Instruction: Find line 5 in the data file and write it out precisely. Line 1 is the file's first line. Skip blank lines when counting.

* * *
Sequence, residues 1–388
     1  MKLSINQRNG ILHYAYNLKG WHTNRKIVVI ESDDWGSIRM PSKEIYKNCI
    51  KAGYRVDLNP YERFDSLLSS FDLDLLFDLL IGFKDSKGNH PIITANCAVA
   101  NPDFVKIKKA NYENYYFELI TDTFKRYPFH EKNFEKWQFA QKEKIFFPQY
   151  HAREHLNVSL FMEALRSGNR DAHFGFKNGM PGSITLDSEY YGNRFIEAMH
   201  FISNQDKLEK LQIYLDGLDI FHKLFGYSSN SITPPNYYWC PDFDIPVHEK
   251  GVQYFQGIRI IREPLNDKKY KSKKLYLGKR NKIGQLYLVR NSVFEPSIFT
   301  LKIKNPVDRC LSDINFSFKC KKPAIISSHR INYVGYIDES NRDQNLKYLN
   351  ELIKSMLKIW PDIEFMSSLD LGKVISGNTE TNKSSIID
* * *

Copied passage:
   151  HAREHLNVSL FMEALRSGNR DAHFGFKNGM PGSITLDSEY YGNRFIEAMH